The Medical Research Council (MRC) and independent medical research charity LifeArc are making £16m available to establish a network of centres that will offer clinical grade viral vectors, and translational and regulatory guidance to support academic-led patient trials of new gene therapies.

Operating as centrally coordinated facilities, these “Gene Therapy Innovation Hubs” aim to address challenges faced by academics as they seek to progress novel gene therapy research into early stage clinical trials. These challenges include a shortage of viral vector production capacity and a complex and evolving translational pathway for gene therapies.

LifeArc and the MRC will create the network by providing UK-based research organisations with grants for up to 5 years. The grants are designed to support the costs associated with expanding or repurposing existing viral vector production centres. The selected centres, or hubs, will also have access to LifeArc’s translation advice and support. Collectively, the hubs will form a centrally coordinated network, designed to enable sharing of knowledge and capabilities across all hubs. The hubs will increase UK capacity for GMP viral vector production to support academic researchers looking to progress their gene therapy research from the lab into early stage clinical trials.

Dr Melanie Lee, CEO of LifeArc, commented: “Advanced therapies, like gene therapy, offer significant promise to many patients who currently have no treatment options. We hope that through this unique collaboration with the MRC, LifeArc can offer its funding and expertise in technology transfer and translational science to support the progression of promising gene therapies. Translation of advanced therapies will be a core focus of LifeArc’s future strategy for delivering significant new patient benefits.”

Professor Fiona Watt, Executive Chair of the MRC, said: “We are delighted to be working in partnership with LifeArc on this exciting initiative. Continued investment in translational research and in advanced therapies remains a major priority for the MRC and, through this partnership, we aim to support clinical development of the most exciting gene therapy projects from the UK’s world-leading academic researchers. This investment will streamline and accelerate progress towards a new generation of genetic medicines for patients.”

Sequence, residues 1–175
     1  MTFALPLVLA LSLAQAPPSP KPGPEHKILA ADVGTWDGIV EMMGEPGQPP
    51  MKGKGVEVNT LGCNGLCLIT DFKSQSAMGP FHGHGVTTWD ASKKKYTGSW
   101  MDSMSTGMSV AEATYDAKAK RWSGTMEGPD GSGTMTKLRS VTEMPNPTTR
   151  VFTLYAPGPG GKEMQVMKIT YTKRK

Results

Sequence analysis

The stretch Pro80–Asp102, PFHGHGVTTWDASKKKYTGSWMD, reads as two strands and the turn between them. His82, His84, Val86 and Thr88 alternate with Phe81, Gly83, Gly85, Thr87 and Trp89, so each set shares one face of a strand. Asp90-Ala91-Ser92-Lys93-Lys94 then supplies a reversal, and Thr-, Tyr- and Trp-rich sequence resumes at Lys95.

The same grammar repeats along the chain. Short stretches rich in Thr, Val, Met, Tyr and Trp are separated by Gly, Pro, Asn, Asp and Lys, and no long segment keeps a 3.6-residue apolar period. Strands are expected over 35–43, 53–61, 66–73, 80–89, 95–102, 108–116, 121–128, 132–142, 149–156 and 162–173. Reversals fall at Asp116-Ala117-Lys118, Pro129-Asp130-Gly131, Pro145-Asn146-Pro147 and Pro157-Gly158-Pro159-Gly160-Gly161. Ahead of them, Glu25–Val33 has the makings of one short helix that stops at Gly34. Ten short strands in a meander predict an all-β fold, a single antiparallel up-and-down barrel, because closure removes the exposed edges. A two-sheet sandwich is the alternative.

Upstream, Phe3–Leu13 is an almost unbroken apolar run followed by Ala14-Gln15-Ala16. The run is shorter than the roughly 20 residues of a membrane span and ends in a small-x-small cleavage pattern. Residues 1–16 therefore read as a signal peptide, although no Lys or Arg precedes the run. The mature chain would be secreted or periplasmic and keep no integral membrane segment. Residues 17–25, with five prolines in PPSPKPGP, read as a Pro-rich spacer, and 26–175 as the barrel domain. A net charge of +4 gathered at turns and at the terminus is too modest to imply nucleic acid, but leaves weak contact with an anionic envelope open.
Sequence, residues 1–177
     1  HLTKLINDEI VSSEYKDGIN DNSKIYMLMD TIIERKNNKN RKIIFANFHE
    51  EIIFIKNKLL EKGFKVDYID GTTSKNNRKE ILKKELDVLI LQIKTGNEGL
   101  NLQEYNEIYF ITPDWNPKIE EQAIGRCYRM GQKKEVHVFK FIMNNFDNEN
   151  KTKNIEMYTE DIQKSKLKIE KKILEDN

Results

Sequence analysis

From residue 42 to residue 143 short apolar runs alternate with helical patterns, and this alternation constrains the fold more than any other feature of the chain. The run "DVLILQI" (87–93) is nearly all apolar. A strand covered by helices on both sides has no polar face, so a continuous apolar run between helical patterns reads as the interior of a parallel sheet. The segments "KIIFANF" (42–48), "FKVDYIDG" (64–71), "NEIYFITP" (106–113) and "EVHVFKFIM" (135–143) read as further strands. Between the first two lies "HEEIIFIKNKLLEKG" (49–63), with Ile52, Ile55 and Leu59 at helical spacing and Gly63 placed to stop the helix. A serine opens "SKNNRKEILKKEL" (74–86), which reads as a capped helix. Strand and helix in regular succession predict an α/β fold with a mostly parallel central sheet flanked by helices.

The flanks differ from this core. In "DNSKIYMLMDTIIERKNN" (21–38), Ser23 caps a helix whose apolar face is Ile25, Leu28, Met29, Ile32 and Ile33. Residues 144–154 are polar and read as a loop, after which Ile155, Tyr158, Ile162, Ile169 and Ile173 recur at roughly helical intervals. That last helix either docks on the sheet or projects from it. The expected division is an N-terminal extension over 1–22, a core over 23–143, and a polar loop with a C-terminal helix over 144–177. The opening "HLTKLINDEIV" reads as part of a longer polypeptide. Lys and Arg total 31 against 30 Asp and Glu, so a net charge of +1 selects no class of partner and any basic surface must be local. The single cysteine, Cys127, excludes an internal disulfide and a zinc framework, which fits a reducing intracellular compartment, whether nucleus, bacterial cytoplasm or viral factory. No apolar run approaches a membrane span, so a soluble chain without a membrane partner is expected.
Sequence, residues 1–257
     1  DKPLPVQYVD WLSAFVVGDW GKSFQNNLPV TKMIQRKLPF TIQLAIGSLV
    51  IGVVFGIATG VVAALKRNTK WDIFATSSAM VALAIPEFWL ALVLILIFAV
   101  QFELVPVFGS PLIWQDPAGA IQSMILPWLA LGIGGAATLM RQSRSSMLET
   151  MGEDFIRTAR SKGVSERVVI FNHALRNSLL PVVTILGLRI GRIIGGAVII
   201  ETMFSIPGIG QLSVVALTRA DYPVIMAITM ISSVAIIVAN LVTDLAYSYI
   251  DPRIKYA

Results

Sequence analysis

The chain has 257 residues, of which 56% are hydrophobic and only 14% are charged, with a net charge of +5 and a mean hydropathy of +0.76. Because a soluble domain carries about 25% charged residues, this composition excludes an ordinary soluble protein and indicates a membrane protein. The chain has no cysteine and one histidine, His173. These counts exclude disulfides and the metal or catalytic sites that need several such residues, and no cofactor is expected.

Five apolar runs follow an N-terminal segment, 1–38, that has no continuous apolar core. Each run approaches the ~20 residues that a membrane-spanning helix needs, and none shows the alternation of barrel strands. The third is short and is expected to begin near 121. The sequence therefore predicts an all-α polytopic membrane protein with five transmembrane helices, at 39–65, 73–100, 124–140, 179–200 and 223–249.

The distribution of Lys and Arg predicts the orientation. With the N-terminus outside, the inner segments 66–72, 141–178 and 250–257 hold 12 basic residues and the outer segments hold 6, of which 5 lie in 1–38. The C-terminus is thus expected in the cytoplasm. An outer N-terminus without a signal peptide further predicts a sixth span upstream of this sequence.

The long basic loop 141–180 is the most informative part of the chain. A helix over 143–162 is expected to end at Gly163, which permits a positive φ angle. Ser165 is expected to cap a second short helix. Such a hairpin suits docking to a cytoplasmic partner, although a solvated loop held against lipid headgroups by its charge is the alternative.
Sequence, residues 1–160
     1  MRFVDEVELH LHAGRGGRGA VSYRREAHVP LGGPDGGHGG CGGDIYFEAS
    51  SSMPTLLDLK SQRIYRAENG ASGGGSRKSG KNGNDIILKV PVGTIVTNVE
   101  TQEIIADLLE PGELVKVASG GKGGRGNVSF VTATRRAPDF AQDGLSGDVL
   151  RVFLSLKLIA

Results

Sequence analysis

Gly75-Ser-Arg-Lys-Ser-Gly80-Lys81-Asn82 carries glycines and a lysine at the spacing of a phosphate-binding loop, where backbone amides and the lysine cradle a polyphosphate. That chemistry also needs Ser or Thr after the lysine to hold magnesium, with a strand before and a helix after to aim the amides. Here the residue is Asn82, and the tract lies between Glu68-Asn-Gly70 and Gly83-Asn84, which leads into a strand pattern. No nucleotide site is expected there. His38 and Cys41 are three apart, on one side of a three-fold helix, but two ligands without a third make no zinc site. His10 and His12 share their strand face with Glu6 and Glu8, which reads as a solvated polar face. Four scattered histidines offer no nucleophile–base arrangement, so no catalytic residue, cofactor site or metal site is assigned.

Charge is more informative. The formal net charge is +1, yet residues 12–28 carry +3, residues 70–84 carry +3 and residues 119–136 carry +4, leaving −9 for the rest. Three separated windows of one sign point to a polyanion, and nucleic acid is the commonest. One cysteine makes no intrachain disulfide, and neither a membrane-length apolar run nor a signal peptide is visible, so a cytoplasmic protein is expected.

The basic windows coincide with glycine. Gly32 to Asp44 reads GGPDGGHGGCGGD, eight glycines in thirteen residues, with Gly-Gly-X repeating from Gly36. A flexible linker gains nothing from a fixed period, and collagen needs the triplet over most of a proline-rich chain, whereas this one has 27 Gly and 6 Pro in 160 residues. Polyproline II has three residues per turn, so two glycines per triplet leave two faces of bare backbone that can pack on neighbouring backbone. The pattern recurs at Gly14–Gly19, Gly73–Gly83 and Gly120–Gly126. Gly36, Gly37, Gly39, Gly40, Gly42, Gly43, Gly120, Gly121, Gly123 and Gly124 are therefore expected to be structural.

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Notes to editors

About the Gene Therapy Innovation Hub grants

Grants will pay for, but are not limited to, key staff posts and infrastructure costs. Awards may be of a range of sizes, from smaller awards of £1-2m to repurpose or import additional platforms to existing facilities, to larger grants of £5-7m for new or expanded centre infrastructure. LifeArc and the MRC will not seek any financial return on these grants

Funding will be awarded to UK-based research organisations that can:

  • Provide academics with access to GMP grade viral vector production capability for early phase clinical trials
  • Support translation of gene therapy projects from the academic lab into early clinical trials
  • Coordinate innovative manufacturing research, drive generation of reproducible and shareable platforms and enable dissemination of knowledge – across a network of centres
  • Design and share commercially ready platforms, using common cell-lines, plasmids and reagents, facilitating the transition between small scale ‘academic’ supply for phase I/II trials through to larger-scale downstream supply

The full call specification can be found here.

About LifeArc

LifeArc is a self-funded medical research charity. Our mission is to advance translation of early science into health care treatments or diagnostics that can be taken through to full development and made available to patients. We have been doing this for more than 25 years and our work has resulted in a diagnostic for antibiotic resistance and four licensed medicines.

Our success allows us to explore new approaches to stimulate and fund translation. We have our own drug discovery and diagnostics development facilities, supported by experts in technology transfer and intellectual property who also provide services to other organisations. Our model is built on collaboration, and we partner with a broad range of groups including medical research charities, research organisations, industry and academic scientists. We are motivated by patient need and scientific opportunity.

Two funds help us to invest in external projects for the benefit of patients: our Philanthropic Fund provides grants to support medical research projects focused on the translation of rare disease research and our Seed Fund is aimed at start-up companies focused on developing new therapeutics and biological modalities.

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About the MRC

The Medical Research Council is at the forefront of scientific discovery to improve human health. Founded in 1913 to tackle tuberculosis, the MRC now invests taxpayers’ money in some of the best medical research in the world across every area of health. Thirty-three MRC-funded researchers have won Nobel prizes in a wide range of disciplines, and MRC scientists have been behind such diverse discoveries as vitamins, the structure of DNA and the link between smoking and cancer, as well as achievements such as pioneering the use of randomised controlled trials, the invention of MRI scanning, and the development of a group of antibodies used in the making of some of the most successful drugs ever developed.

Today, MRC-funded scientists tackle some of the greatest health problems facing humanity in the 21st century, from the rising tide of chronic diseases associated with ageing to the threats posed by rapidly mutating micro-organisms. The Medical Research Council is part of UK Research and Innovation.